workmen are surplus and that there is therefore a need for retrenchment, an
arbitration tribunal will not intervene unless it is shown that the decision was
malafide or unfair labor practice.
2.It is the right of every employer to reorganized his business in any manner for
the purpose of economic or convenience provided he acts bonafide.
3.An employer has the right to determine the volume of his staff consistent with
his business and if, by the implementation of a reorganization scheme adopted
for reasons of economy and better management, the services of some
employees become excess of requirement, the employer is entitled to discharge
such excess.
4.In the absence of any express agreement on the point, an employer is not
obligated to find suitable employment for redundant workers.
5.In effecting retrenchment, the employer should comply with the industrial law
principle of LIFO unless there are sound and vital reasons for departure. Thus,
an employer is not entirely denied the freedom to depart from this principle.
6.The retrenchment of an employee can be justified if carried out for profitability.
The services of an employee may well become surplus if there is reduction or
cessation of work the employee was performing.

Industrial Harmony Code for Conduct 1975


Article 22 (a)
If retrenchment becomes necessary, the employer should take the following
measures:
1.Giving as early a warning as practicable to the workers concerned.
2.Introducing schemes for voluntary retrenchment and retirement and for
payment of redundancy and retirement benefits.
3.Retiring workers who are beyond their normal retiring age.
4.Assisting in cooperation with the Ministry of Human Resources the workers to
find work outside the undertaking.
5.Spread termination of employer over a longer period.
6.Ensuring that no such announcement is made before the workers and their
representatives or trade union have been informed.
Article 22 (b)
The employer should select employees to be retrenched in accordance with the
following
criteria. The following workers should consider later to be retrenched.
1.Need for efficient operation.
2.Have unique skills, abilities and knowledge for the operation.
3.Senior workers, permanent workers and citizen workers.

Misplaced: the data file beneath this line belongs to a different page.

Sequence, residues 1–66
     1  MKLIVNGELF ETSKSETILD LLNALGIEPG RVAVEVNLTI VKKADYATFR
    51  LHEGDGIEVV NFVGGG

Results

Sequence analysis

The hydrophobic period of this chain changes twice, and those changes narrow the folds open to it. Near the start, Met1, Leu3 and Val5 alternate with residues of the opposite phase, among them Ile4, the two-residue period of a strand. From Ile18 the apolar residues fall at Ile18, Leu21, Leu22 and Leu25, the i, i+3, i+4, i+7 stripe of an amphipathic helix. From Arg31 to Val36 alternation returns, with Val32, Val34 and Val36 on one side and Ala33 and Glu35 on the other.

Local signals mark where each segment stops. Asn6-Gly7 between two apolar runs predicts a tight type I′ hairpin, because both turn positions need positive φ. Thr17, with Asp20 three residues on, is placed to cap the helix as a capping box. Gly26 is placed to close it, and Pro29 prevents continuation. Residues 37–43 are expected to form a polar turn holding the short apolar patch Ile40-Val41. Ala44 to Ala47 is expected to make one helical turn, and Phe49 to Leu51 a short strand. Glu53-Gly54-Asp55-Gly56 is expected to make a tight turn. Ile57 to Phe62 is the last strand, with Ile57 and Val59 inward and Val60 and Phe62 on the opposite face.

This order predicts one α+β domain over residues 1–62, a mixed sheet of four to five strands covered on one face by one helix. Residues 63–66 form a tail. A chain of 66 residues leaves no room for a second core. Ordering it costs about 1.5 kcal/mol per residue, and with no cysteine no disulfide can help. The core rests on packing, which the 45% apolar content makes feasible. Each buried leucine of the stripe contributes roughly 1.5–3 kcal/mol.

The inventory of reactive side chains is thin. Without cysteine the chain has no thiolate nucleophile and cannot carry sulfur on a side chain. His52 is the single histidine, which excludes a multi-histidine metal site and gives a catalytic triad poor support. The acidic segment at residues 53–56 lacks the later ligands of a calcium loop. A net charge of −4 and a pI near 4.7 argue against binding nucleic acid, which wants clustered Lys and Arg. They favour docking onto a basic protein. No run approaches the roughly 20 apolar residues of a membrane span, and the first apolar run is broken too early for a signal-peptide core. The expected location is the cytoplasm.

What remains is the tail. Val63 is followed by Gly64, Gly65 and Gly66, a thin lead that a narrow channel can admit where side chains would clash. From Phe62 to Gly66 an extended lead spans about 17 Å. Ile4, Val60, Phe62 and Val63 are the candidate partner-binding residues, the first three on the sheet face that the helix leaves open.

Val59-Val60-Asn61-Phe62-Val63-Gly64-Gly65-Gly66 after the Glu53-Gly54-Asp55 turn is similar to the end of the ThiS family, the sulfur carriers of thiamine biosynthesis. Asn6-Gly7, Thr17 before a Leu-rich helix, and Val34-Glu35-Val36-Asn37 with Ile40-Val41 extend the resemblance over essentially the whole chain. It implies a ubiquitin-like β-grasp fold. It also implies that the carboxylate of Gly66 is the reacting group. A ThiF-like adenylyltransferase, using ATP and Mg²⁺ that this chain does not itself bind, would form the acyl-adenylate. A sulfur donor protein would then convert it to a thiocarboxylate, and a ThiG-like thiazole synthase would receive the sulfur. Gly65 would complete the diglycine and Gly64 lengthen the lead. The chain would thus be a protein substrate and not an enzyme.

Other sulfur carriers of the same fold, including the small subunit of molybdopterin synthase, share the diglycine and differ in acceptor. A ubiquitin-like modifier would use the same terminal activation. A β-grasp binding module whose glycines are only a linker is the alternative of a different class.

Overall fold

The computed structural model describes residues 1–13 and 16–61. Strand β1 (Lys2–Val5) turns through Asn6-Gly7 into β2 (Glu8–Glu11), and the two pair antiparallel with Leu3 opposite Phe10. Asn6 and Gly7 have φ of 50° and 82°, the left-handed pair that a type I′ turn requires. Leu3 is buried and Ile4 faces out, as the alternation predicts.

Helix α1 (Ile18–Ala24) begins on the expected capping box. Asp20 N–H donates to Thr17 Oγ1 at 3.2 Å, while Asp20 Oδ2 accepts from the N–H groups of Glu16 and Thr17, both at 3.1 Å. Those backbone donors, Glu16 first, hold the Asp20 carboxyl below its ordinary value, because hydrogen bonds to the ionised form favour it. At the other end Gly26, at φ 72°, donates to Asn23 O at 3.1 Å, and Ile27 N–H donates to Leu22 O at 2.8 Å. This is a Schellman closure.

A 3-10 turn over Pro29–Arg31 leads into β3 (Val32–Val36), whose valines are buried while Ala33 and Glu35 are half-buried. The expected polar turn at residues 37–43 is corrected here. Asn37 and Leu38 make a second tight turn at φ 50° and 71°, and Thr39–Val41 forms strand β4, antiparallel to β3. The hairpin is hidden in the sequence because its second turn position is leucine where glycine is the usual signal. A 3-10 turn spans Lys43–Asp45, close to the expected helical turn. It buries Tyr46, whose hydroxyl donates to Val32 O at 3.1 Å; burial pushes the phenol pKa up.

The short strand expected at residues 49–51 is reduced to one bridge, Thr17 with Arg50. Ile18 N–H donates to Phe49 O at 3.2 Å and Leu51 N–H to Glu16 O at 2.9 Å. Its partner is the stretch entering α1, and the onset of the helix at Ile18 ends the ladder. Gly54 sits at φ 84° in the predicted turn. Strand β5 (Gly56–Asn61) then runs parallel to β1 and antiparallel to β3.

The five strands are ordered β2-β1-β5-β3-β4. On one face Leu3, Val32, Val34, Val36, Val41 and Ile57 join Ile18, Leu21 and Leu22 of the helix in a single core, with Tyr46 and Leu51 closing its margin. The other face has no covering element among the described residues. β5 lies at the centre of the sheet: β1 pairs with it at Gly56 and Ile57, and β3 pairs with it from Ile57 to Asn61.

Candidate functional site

4.Age. 5. Family situation.
6. Other criteria formulated as national policies

Employment Act 1955


Section 60 M
No employer shall terminate the contract of service of a local
employee for the purpose of employing a foreign employee
Section 60 N
Where an employer is required to reduce his workforce by reason
of redundancy necessitating a retrenchment of any number of
employees, the employer shall not terminate the services of a
local employee unless he has first terminated the services of all
foreign employees employed by him in a capacity similar to that
of the local employee.
Section 60 O
For the purpose of this part, the term foreign workers shall not
include a foreign employee who is a permanent resident of
Malaysia.

Retrenchment Principle (LIFO Last in first out)


The Industrial Court has suggested to implement LIFO for retrenchment
purposes. This principle only implemented firstly, within the establishment
(if the company has branches, the principle of LIFO only implemented where
retrenchment is required) which is the retrenchment is to be made.
Secondly, the principle only applies to the category of workers to which
retrenchment is performed (Associated Pan Malaysia Cement Sdn. Bhd Vs
Kesatuan Sekerja Pekerja-Pekerja Perusahaan Simen; Award 375 of 1986).
For the second situation it may be direct to bumping in retrenchment. This
doctrine is defined as if there is a reduction in the requirement for
employees in one section of an employers business, and an employee who
becomes surplus or redundant is transferred to another section of the
business, an employee who is displaced by the transfer of the first
employee and is discharged by reason of that displacement is discharged by
reason of redundancy (W Gimble & Sons Ltd Vs Sprunet [1961] ITR 308
(DC)).
The bumping in retrenchment must be in the same category or work
group, job classification or department or division, else, employees may
claim for malafide retrenchment or victimization.

The Implementation of LIFO Principle


In Aluminium Company of Malaysia Bhd Vs Jaspal Singh (Award 363 of
1987) the court said that in performing LIFO, the employer should as
far as possible select employees to be retrenched within the same
category. The question of the comparative seniority or juniority of a
workman for applying the principle of LIFO has to be determined with
reference to the workmen working in the same category of
employment not the length of service. For example in retrenching the
employee as fitter, at the time of retrenchment, seniority is